The Queen falls ill in spring: an unusual time for sickness, but nonetheless a time when sickness is available to humanity. She dies in her bed, low with anemia, and the tapestry she began at the eve of her son's marriage is yet unfinished. The hart and the girl are fully realized at the first, but as time passed they faded and jumbled until only the ruby shone with purpose and form. The King did not have the strength to deny her her needlework in her last days; not when she worked at it with such fury, such purpose, as if on the edge of discovery. On the day of her death the Prince sits upon a stool and stares long and low at it: the perfect ruby, delicately stitched and red as if burning, calls to him. There is a weight upon his shoulder, and he looks into the face of his wife, serene and distant, as she stands behind him.
“We must burn the tapestry.” She pronounces. “It has her sickness upon it.” The Prince looks up at her, and though he is pained he is grateful for her strength, a strength of coldness he does not possess. She rubs her hand upon his chest. Slowly.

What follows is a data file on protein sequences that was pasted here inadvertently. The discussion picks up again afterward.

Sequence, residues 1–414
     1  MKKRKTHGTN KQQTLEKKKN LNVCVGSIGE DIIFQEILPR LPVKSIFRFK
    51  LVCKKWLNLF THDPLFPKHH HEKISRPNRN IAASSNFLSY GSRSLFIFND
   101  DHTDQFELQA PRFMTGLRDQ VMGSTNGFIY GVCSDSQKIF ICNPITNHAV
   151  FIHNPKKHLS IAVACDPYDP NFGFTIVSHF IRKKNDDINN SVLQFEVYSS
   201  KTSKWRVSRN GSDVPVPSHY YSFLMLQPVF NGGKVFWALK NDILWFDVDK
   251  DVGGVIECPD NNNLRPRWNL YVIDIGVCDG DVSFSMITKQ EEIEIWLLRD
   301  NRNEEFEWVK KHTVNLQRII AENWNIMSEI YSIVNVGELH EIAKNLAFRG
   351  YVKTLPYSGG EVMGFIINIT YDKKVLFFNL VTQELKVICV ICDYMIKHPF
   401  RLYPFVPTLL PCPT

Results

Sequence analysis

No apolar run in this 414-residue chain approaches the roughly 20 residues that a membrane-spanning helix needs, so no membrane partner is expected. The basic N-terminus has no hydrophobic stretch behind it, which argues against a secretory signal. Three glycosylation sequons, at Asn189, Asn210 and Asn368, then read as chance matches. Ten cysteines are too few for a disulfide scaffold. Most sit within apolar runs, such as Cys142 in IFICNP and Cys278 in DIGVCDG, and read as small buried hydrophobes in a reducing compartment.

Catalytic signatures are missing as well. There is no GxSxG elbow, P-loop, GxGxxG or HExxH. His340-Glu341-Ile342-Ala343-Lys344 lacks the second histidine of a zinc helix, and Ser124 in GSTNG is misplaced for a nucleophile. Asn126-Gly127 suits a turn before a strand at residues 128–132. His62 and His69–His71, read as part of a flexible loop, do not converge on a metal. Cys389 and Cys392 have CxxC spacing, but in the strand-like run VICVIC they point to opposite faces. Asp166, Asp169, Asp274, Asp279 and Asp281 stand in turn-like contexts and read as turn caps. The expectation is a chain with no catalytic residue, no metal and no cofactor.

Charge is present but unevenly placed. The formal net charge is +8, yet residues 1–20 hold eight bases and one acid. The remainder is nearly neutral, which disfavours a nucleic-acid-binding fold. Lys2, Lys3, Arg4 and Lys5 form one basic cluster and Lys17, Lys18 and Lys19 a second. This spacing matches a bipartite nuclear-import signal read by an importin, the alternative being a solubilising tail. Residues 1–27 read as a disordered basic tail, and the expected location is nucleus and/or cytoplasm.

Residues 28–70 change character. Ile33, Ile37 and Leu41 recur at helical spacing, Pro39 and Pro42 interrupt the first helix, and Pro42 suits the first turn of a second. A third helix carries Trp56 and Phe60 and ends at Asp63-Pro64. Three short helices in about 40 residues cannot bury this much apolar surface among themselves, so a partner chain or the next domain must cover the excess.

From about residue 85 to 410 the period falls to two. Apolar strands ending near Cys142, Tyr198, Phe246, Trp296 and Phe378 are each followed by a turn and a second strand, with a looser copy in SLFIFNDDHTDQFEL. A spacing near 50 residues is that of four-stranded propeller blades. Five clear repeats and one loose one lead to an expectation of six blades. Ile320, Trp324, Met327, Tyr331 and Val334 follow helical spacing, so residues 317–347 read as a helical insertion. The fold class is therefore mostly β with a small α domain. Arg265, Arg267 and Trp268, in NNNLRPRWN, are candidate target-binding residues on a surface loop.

The King does not wish that the tapestry be burned, and though the Prince speaks to him in a firm voice his decision is immovable as a mountain. He carries it into his chamber, sleeping beneath it and weeping so to bring shame upon his masculinity. The Prince is humiliated and exhausted, but the Princess is there, strong of nerve, beside him.
“I will speak to Father.” She is firm, he is in agreement. She has a way with living creatures. There are vines now on every tower, and fawn wandering through the courtyards. She will speak to the King. She will heal what ails him sorely. The Prince is sure of this. When she comes back to bed in the night, her feet naked and cold, she reassures him. She tells him that the King will soon come around. She rubs her hand into his chest. Slowly.
In the morning the King is dead. It is the sickness of his wife. The tapestry is burnt far from the castle grounds.